It's not difficult to imagine the following fictional memo circulating among administrators of state agencies in Salem:
Well, folks, it almost worked. The Legislature and outgoing governor gave us the reins, and we whipped the old mare. Too bad we didn't have another two weeks for our allies to convince voters that the state needs more money. Oh well, there's always next time. Meanwhile, let's take a moment to reflect on some lessons from the failure of Measure 28.
Lesson 1 - Don't get greedy. When the Oregon Legislature defers to agencies to choose spending reductions, it's probably prudent to throw in a pay freeze here and there to satisfy the nay-sayers. We may have shot ourselves in the foot this time around by overreaching. In the words of the Wall Street Journal, pro-tax advocates look like they're trying to "frighten the bejeebers out of folks by telling them that unless they agree to higher taxes, government is going to shut down the prisons and throw grandma out in the snow." Next time, we need to take a more cautious approach. On the bright side, voters never did learn the discomforting truth about Measure 28: A vote against Measure 28 wasn't a vote to cut spending; it only meant putting a dent in the state's increase in spending. Overall state spending still will rise by 5.5 percent. Keeping this fact under the table marked a small but significant victory for our cause.
Lesson 2 - Would somebody please put a sock in the mouth of the Oregon Libertarian Party? Why do we have these loose cannons traveling around the state right at our peak period of public persuasion? We need to find a way to coddle them into our ranks. Here's a typical quote from Tom Cox (as published in an opinion piece in the Statesman Journal): "The state of Oregon has 47,000 employees. ... But the 200 employees we find to lay off are state police officers?" Ouch. Cox didn't help our cause with this kind of pointed observation. Of course, he tried to convey the big picture of state budgeting (thankfully, the other two parties, with a handful of troubling exceptions, largely stood on the sidelines with their mouths closed). The goal of our allies was to focus on individual hardships caused by a "no" vote. This strategy almost worked. The lesson here is: Big picture is bad. Emotional anecdotes about cut-threatened employees are good. Speaking of the big picture. ...
Lesson 3 - We need to scuttle attacks on the Public Employees Retirement System. Majority Leader Tim Knopp of Bend is our biggest problem. He wants to disqualify members of the current PERS board. Lawmakers like him will force us to take smaller pensions (almost like the private sector). At the same time, he will thrust the issue of retirement compensation into the public eye. We can hear the opposition now: "Too many of those government employees retire with golden parachutes. We want to see PERS reformed before we agree to raise taxes." Let's strategize a way to silence these critics. Maybe we could devise a cosmetic "reform" of our retirement system through sympathetic legislators without actually changing the board's prerogative to dole out generous donations to our retirement accounts. An unfunded actuarial liability of $15.7 billion ain't chump change, voters might say, but, hey, who's to blame for that? We didn't appoint the board.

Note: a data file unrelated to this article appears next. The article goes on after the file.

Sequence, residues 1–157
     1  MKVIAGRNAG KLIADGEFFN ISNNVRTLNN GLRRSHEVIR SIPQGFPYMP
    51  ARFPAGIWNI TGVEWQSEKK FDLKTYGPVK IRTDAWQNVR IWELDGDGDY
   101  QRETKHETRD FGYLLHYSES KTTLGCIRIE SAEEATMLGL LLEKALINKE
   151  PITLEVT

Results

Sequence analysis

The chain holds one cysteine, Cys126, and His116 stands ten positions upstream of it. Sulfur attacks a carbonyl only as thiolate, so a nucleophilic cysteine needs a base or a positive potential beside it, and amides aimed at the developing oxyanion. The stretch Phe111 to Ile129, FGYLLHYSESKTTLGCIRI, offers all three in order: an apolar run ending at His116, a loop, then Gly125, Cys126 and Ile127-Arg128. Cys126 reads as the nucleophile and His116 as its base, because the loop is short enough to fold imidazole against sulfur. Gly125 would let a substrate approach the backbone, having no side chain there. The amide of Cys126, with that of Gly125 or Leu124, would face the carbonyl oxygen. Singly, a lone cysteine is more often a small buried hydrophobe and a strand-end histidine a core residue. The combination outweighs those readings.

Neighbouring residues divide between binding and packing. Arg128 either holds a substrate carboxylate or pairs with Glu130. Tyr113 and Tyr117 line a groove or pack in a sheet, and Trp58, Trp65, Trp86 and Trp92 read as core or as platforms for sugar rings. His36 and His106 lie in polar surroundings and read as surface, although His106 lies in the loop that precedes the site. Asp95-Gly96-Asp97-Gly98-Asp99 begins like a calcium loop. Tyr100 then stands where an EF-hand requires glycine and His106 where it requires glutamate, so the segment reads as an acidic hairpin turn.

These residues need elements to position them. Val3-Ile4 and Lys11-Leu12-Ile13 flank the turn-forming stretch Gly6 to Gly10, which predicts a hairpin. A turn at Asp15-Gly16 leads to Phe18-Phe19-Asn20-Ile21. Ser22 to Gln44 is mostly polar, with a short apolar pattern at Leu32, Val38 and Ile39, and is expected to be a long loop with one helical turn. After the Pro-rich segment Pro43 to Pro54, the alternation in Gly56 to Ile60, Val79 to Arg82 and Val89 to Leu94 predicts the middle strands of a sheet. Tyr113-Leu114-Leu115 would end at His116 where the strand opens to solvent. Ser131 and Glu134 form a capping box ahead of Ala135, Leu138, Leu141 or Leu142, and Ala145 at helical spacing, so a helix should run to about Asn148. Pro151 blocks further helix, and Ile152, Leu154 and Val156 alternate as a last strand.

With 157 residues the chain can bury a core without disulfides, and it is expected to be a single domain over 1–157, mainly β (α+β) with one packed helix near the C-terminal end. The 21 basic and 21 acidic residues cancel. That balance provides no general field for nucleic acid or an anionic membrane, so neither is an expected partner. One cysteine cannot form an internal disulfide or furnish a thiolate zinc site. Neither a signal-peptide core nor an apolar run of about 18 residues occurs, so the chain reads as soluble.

Lesson 4 - Representative Jeff Kruse is another thorn in our side. He drew attention to the 80 employees hired by the Department of Education who work on the CIM/CAM programs - programs which cost the state an estimated $500 million. One of our great success stories was our ability to focus the media's attention on kids in the classrooms and keep the curtain drawn on some of the bureaucratic excesses in Salem. Moral of the story - focus on teachers and kids, not wasteful spending, when discussing state school funding.
Other troubling information we need to squelch -
Oregon state and local government rank us as the eighth largest spending state in the nation per capita. (Total State & Local Revenue Table. 1999 U.S. Census Bureau)
Oregon had the fastest growing government in the nation in fiscal year 2000. (Association of State Budget Offices, 8-2000)
Oregon spends 93 percent of what other states spend on teacher wages, but spends 141 percent of what other states spend on health and retirement benefits. Oregon also ranks "average" on instructional spending and high on support services such as counseling, medical and funds for principals' offices. Overall Oregon spends 98 percent of the national average on instruction and 112 percent of the average for support services. (Milwaukie Clackamas Co. Review)
A state audit demonstrated over $700,000 in questionable spending by the Oregon State Lottery. Lottery staff held many meetings that created over 400 bills costing a total of $92,500. Most of the meetings reviewed included food. The lottery had an annual staff meeting where it spent $30,000 on speakers, one of whom addressed the topic "Beep Beep: Competing in the Age of the Roadrunner." The Roadrunner is a cartoon show. The staff meeting also included $1,000 for candy, prizes and decorations. The entire bill for the staff meeting ran to $38,000. The Oregon Department of Education did not follow competitive bidding practices, costing taxpayers as much as $62,600. An audit found questionable travel expenses and reimbursements that cost taxpayers $12,900. Seventy percent of the Education Program Specialist employees started their positions at the top salary rate. This was not in accordance with state policy.
OK, folks, those are the uncomfortable facts. You can see that we have our work cut out for us. As a point of discussion, we could consider a change in tack and promote a sales tax. Any takers?
Anyone with comments about "Editor's Opinion" can contact David Carkhuff by calling 575-0710 or by e-mail at email@example.com.